Wednesday, July 21, 2010

Delivery by Zen

I got the page for another labor admission. “K.L. 20 y.o. G1 @ 40’0 wks in labor. 8/100/0. GBS negative. Declines epidural”. (Read: 20 year old, first pregnancy, at term, 8cm dilated.)

Now it’s not terribly uncommon for our patients to deliver without an epidural. But the ensuing delivery often entails lots of screaming, crying, and the occasional out-of-control, climbing-up-the-bed-with-a-baby-head-sticking-out episode. I knew from the moment I met this patient, she would be different.

When I walked into her labor room, I found a lovely young Southeast Asian woman, sitting on the hospital bed, eyes closed, calmly breathing through contractions. She was the quintessential picture of Zen. If she wasn’t dressed in a hospital johnny, I could’ve easily mistaken her for practicing prenatal yoga. She was almost fully dilated by the time she came up from Triage. By the looks of her, I would have thought she was 2.

As she progressed in her labor, her contractions became stronger, more difficult to breathe through. She changed positions, moaned, writhed, shook – but through it all, it was clear that she had 100% control of her labor.

In most deliveries, where the patient is numb from epidural anesthesia, a lot of labor coaching is required. The patient often can’t feel much and a good deal of time is spent teaching a woman how to push. This type of birthing is an interactive process, a team effort.

The birthing experience of this young woman, however, was completely different. Because she had no inhibition of pain or feeling, she was completely in tune with her body. She could feel when it was time to push, she could feel how and where to push, and absolutely no coaching was required. In fact, she was so much "in the zone” that anytime I spoke, I felt like I was interrupting her focus. Her process of birthing was beautiful to watch. It wasn’t that she was quiet (she was definitely making noise). It wasn’t that she was still (she was moving around a lot). It was that she was focused and in complete control with what was happening to her body. It was an empowering experience to watch.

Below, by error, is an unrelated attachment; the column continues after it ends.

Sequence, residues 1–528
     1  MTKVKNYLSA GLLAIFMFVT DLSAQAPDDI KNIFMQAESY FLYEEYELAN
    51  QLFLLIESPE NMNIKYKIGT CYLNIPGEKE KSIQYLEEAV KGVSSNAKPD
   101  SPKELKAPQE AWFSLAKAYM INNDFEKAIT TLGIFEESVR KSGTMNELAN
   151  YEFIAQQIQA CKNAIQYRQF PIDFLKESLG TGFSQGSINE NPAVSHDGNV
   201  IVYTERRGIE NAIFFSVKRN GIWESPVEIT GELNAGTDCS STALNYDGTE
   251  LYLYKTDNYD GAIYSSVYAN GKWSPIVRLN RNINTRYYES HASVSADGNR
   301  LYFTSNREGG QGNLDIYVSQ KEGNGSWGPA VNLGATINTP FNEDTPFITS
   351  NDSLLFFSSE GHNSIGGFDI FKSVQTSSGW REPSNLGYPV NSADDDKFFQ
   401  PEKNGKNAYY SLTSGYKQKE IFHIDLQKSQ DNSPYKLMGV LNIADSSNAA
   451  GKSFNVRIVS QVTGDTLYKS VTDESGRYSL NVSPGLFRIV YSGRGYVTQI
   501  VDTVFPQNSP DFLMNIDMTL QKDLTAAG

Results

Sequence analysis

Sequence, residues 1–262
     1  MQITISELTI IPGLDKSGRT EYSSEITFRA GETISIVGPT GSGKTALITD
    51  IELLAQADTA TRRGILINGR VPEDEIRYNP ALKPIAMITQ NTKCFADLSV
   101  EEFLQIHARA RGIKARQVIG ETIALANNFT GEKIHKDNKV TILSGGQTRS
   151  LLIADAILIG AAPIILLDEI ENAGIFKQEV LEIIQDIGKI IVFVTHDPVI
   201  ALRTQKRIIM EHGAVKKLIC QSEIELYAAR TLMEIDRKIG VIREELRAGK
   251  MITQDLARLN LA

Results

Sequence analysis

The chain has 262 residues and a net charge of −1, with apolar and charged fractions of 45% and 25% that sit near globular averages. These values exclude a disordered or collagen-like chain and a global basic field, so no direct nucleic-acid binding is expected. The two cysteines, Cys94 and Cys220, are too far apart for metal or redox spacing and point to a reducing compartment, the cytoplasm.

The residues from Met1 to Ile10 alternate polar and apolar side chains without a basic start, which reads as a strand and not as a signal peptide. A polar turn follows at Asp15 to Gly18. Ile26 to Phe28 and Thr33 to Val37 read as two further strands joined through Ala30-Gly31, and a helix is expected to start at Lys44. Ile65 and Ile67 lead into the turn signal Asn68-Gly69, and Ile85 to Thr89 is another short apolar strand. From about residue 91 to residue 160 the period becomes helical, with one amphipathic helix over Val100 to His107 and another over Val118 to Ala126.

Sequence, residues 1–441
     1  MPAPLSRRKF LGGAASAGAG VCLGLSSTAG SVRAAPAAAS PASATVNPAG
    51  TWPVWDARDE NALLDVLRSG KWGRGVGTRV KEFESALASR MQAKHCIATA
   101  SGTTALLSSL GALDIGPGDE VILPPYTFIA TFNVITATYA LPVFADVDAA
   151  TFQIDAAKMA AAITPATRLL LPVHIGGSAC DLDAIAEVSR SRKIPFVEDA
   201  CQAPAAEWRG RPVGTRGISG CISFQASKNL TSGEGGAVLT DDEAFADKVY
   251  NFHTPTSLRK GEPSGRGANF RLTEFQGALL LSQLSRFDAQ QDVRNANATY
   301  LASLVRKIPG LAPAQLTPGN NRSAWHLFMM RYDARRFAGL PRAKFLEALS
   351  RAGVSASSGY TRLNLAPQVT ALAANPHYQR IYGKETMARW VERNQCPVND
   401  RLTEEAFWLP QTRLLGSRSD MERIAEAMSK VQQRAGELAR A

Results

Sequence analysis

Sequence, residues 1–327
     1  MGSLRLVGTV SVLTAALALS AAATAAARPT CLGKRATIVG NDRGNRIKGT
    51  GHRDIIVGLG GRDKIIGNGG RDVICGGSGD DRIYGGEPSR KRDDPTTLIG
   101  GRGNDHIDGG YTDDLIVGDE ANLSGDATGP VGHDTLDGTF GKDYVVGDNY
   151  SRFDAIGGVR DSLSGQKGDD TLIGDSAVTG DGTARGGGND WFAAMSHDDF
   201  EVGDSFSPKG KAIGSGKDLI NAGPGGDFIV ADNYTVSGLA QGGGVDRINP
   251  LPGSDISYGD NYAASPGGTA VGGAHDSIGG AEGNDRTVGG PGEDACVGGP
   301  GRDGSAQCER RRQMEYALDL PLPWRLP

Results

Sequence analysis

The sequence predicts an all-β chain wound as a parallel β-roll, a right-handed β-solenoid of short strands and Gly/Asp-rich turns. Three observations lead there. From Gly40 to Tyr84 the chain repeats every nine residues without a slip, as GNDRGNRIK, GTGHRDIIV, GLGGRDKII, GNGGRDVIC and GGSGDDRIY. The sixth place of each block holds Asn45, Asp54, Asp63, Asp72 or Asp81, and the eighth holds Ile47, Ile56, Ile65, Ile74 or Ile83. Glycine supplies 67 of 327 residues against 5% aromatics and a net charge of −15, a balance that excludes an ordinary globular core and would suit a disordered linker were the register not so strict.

A beautiful 5+ lb baby boy was born approximately 20 minutes into pushing. The patient did 99% of the work on her own. The one and only contribution we had was to catch the baby.

What made this patient different from the other non-anesthetized patients I’ve delivered? What was her secret? Was it her expectations? That she knew it was going to be painful and developed great coping strategies for it? Was it a personality thing? A high pain threshold?

Regardless of what her secret was, I left that delivery room inspired. Empowered. And very, very proud of my patient.

1 comment:

  1. Nice!

    And yes, I think most of it is in the expectation and attitude a pt has toward labor when they come in the door. Often it is the difference in thinking they are going to "try" to go without meds vs. having their mind (expectation) made up before they walk in the door.
    As an L&D nurse, most (not all but most) of the pts that I see having this kind of labor are new migrants who just don't really consider medication an option for them, just not done that way in their experience (when you ask if they are interested in an epidural you can tell they think it's some voodoo blood-letting, paralyzing craziness). I don't think the "success" of these labors is r/t high pain threshold.